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Review: Norco Range VLT - The Purple Plow

Jun 19, 2024
by Mike Kazimer  
The Range VLT is the longest travel option in Norco's e-bike lineup, and falls into what I'd call the 'shuttle truck replacement' category. With DH-oriented geometry, 170mm of rear travel, and Bosch's Performance CX motor powered by a 750 WH battery, the Range is designed to get riders to the top of rowdy descents as quickly as possible.

There are three models in the lineup, with prices starting at $6,999 USD for the aluminum-framed Range VLT A1, and going up to $8,999 for the VLT C1 that's reviewed here. Component highlights include a 180mm RockShox Zeb Ultimate fork, Vivid Select+ shock, GX AXS T-Type wireless drivetrain, and Code RSC brakes.

Norco Range VLT C1 Details

• Wheel size: 29" front / 27.5" rear
• Carbon front triangle, aluminum swingarm
• Travel: 170mm / 180mm fork
• 63º head angle
• 77º seat tube angle
• 436mm chainstays (size 3)
• Weight: 57.8 lb / 26.2 kg (size 3)
• Price: $8,999 USD
norco.com






bigquotesThe Range VLT truly is a downhiller's e-bike, and its happy place is blasting down steep trails, plowing over whatever gets in its way. Mike Kazimer



Norco Range VLT 2024

Frame & Motor Details

The Range uses a stout looking carbon fiber front triangle and an aluminum swingarm, with the battery and mode indicator for the Bosch motor incorporated into the top tube. The layout leaves room for a water bottle inside the front triangle, and the straight seat tube makes it possible to run long travel dropper posts.

There's no silly thru-headset cable routing to be seen here; the housing runs through ports on each side of the head tube. The battery can be removed without too much hassle – it slides out through the bottom of the downtube, a design that I prefer over dealing with rattly side or downtube panels.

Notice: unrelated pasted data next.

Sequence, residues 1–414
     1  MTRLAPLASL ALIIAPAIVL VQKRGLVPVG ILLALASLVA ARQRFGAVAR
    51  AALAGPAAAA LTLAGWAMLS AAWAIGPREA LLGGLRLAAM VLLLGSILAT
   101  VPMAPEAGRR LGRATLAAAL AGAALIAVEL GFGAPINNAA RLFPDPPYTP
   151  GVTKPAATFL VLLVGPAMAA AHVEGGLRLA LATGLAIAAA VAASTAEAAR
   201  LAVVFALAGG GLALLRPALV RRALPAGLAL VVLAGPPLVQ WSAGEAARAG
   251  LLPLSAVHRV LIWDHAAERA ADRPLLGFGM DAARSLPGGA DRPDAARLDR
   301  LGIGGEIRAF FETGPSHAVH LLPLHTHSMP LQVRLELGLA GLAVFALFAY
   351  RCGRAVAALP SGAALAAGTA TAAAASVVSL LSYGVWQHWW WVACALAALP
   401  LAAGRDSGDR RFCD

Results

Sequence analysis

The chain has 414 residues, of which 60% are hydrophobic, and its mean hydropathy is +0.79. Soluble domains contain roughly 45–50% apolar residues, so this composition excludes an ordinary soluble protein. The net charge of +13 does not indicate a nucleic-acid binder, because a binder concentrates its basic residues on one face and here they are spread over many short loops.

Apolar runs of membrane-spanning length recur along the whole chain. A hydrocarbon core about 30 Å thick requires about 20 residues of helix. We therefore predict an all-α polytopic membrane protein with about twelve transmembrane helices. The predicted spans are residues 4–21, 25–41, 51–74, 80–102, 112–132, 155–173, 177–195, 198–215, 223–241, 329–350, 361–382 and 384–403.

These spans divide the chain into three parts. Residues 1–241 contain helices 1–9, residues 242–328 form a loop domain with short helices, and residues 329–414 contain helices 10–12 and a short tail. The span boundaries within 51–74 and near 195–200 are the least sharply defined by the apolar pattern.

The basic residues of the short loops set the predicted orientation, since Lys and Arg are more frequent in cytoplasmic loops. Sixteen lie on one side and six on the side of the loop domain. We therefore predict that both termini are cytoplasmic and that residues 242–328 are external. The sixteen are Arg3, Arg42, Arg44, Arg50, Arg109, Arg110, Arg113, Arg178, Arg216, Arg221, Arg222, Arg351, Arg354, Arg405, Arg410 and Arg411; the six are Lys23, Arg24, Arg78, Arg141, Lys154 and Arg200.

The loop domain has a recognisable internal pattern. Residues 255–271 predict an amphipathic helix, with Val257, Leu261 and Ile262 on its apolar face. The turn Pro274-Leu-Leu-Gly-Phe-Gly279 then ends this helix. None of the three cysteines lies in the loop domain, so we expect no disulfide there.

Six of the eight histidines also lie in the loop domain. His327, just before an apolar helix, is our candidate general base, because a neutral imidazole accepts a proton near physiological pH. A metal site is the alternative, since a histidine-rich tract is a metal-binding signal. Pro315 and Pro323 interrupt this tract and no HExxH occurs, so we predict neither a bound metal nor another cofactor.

Chainslap protection is located on the seat and chainstays, and there's also a downtube guard to prevent any damage if the bike's loaded in the back of a pickup truck.

Norco Range VLT 2024
Norco Range VLT 2024

The Bosch Performance CX motor is controlled by the wireless remote located on the left side of the handlebar. If the remote battery died or if it was damaged in a crash there are buttons on the top tube display that can be used to switch through the four different modes. Those modes can be customized in Bosch's Flow app, and it's now possible to swap one mode out for another from Bosch's catalog of options.


Norco Range VLT 2024
Norco Range VLT review


Norco Range VLT 2024

Geometry

There are five sizes in the Range VLT lineup, with reach numbers starting at 417mm and going up in 25mm increments, maxing out at 517mm for the size 5.

The split between size 3 and 4 may leave some riders scratching their heads about what size to buy. Over the last few years many companies seem to have settled on 475 – 485mm reach for a size large, but with the Norco's sizing, riders will be deciding between the 467mm reach of the size 3, or the 492mm reach of the size 4.

The head angle is a slack 63-degrees across the board, and all sizes roll on a mixed wheel setup.

The rear center length increases in 4mm increments, starting at 428mm for the size 1 and going up to 444 on a size 5. Don't forget, the bike's rearward axle path will increase those numbers further as the bike goes through its travel; add 8 millimeters to each figure to determine the chainstay length at sag.

Norco Range VLT 2024

Suspension Design

The Range and Sight VLT use Norco's VPS HP suspension layout (or Virtual Pivot Suspension High Pivot, which sort of looks like word salad). The idler is mounted on the chainstay, above and slightly behind the chainring, a positioning that's covered under a patent that Norco licenses from i-track. That layout gives a rearward axle path for the first two-thirds of the bike's travel, which equates to the chainstay length growing by a total of 15 millimeters.

The anti-squat levels are slightly lower than what's found on the non-motorized Sight and Optic, since outright efficiency isn't quite as high of a priority when there's a motor in the mix - the focus can be shifted to creating more grip on steep, loose climbs.


Specifications
Price $8999
Travel 170mm
Rear Shock RockShox Vivid Select+ 230 x 65mm
Fork RockShox Zeb Ultimate 180mm
Headset FSA No. 55 Sealed Bearing
Cassette SRAM 1275 T-Type 10-52 tooth
Crankarms e*thirteen e*Plus 165mm
Pedals Bosch Performance Line CX / 750 Wh battery
Rear Derailleur SRAM GX AXS T-Type
Chain SRAM GX Eagle T-Type
Shifter Pods SRAM AXS Pod controller
Handlebar 6061 alloy, 800mm wide, 25mm rise
Stem 40mm, 35mm clamp
Grips WTB Wavelength
Brakes SRAM Code RSC
Wheelset Crankbrothers Synthesis E-Bike